The love and affection I receive from this person is constant and without fail. No matter how gloomy the weather or mood, no matter how shitty the day, this person is always able to offer me love. This person’s love is a beacon, pulsing in regular intervals throughout the night. This love calls out to drifting ships and low flying planes, to the city’s quick steppers and stragglers alike. This love is timed to the heart beat.

“I Love You! I Love You! Allelujah!”

The tall, skinny man shuffle-strides down Broadway, right hand raised, poised, holding a Book. His eyes face forward, unyielding. In many ways, this man embodies the opposite of How One Should Be in New York.

My small three bedroom apartment is off of Broadway, and I chance into this man, this erstwhile lover, with frequency. And when I do, I am struck by the most conflicted feelings imaginable.

At first, I am delighted by this selfless man, walking day in day out, proffering the love of his heart to each and every one of us, to complete strangers. What could he expect to receive in kind from us? Agape, altruism, pure love.

Immediately following a bite from this love bug, my heart makes a whiplash turn. The unceasing love call pounds into my ears like a drum. I want to shake him to make him stop! I want to do something nasty and demand love in return. He doesn’t know me! What sort of love is unqualified? What sort of love is untainted by circumstance? How can that be love at all? Who is he serving when he says he loves me?

Am I jealous that his love is not personal? Am I jealous that I have to share him with everyone else on Broadway?

I don’t think so.

I am angry at the Love Man. Love is not an idea; it’s not even an emotion. Love is a balm, a cool kiss on abraded skin. Love is whispered right into your ear; it tickles the cochlea and stirrup. Love is an arrow piercing your chest.

Love does not shout down the walls of your heart. Love is not one-size-fits-all.

One day, I want to stop this man in the street and ask him who I am, ask him what I need, ask him how I must be loved.

Your Bar and You

January 27, 2010

Every tee-partialing household has, or should have, a bar. Yours probably does, if we take “bar” to mean a stock of liquor that exists on a “going concern” basis (as opposed to one-off stocks for large parties). But your bar isn’t much, is it? You don’t feel any special sense of proprietorship over it. It doesn’t say anything about who you are or what type of social space your apartment is. But sometimes, after you’ve visited my bar, you wish it did. How can you make that happen? You’ve tried wandering the aisles of the liquor store, but it’s all so bewildering, and you end up spending more money than you wanted to on a haphazard selection that sends you reproving vibes as it sits unconsumed on your shelf, like some stray animal “adopted” by an enthusiastic but irresponsible child. Is there nothing to be done?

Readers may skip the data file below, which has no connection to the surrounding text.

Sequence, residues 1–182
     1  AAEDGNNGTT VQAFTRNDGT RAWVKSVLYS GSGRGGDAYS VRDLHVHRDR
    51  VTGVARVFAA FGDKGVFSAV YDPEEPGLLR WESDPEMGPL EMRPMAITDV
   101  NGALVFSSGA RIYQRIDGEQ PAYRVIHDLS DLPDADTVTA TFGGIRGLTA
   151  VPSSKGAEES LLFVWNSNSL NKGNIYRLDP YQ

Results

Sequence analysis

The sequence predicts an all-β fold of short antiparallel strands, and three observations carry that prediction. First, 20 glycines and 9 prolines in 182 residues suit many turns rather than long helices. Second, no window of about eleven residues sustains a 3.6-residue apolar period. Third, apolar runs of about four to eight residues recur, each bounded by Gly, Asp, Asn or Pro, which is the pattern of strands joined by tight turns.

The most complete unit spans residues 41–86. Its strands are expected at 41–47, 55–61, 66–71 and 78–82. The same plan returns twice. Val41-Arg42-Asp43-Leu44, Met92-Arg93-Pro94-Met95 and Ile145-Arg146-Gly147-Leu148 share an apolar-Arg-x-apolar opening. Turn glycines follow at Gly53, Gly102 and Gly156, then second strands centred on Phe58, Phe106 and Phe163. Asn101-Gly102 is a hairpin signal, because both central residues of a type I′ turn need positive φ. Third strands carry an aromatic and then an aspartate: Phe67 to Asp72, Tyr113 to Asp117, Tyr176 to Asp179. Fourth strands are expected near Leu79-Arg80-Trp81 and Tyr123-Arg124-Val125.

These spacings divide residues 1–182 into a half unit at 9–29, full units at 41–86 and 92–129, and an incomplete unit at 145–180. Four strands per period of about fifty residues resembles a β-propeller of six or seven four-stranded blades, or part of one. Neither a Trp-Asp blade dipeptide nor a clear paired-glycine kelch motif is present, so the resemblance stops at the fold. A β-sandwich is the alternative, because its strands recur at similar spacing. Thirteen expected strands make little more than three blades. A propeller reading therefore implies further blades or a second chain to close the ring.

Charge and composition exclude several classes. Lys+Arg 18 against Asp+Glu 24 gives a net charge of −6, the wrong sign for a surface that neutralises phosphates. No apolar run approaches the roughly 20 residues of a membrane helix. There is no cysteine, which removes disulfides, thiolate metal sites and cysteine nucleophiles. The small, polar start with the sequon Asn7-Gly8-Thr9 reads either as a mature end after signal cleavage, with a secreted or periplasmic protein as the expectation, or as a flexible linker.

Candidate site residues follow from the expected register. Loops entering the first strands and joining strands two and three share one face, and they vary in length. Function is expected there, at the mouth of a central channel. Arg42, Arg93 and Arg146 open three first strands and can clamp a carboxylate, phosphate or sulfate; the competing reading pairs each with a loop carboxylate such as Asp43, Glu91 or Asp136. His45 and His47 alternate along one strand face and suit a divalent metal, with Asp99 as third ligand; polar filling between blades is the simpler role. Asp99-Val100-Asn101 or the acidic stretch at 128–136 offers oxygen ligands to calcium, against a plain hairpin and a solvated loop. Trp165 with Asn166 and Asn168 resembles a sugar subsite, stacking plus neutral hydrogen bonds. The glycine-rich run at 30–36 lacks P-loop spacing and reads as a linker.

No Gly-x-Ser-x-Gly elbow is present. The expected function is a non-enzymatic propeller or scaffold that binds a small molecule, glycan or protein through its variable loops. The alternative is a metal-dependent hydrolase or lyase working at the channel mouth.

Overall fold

The key to building a great bar is the same as it is for any collection, be it of books, movies, autographs, or whatever. You must define the collection’s domain, and you must do so according to (1) your interests, and (2) your budget. A paleoichthyologist friend of mine once won a book-collecting contest with his collection “Man and Fish.” Of course it had Moby Dick and The Old Man and the Sea, but it also had fishing manuals, treatises on the importance of fishery to American culture, and suchlike. The collection wasn’t worth very much money (I’d guess a few hundred dollars), and most of the books were, if not common, then not particularly rare. Nonetheless it was a remarkable collection. Beholding it, one’s sense of the importance of fish to man was immediately expanded, not indefinitely into vaporous musings, but along the lines that my friend’s own wholehearted engagement with the man/fish question suggested. The collection was an appendage of his personality, an expression of his identity in a new medium. Of course collectors with deep pockets might build much more comprehensive collections, perhaps about about man and the sea in general, but that was beyond my friend’s personal interests anyhow. When you start thinking about building your bar, think “Man and Fish.”

Now, how can we translate the “Man and Fish” principle to liquor collecting? The place to begin is with your interests. What are your favorite cocktails? What are the cocktails you are so attached to that you shake your head ruefully when you discover that a friend doesn’t like them? Those cocktails will form the nucleus of your bar. Let’s say that you love the Manhattan. Start by buying one to three bottles of the main spirit, which can be either rye or bourbon. (I highly recommend Rittenhouse rye, which sells for about $17/750ml and is the best rye I’ve ever had). Next you’ll need some sweet (red) vermouth. Vermouth is a very misunderstood drink: many bars feature a large bottle of Martini and Rossi that sits out for years and years, being slowly depleted. But since you love the Manhattan, you’ll do some research and discover two things: (1) there are brands of vermouth that taste much better than the ubiquitous Martini and Rossi (try Noilly Prat), and (2) vermouth should be refrigerated and consumed within a few months. Finally, you will need some angostura bitters, which is a no-brainer since there’s only one brand. And of course you’ll need a metal shaker, a strainer, and some glassware, but that sort of goes without saying. Now, already, you’re at the point where your friends will say, “Daaamn! Now I know where to go if I want a top-notch Manhattan! Party at YOUR house!” Read the rest of this entry »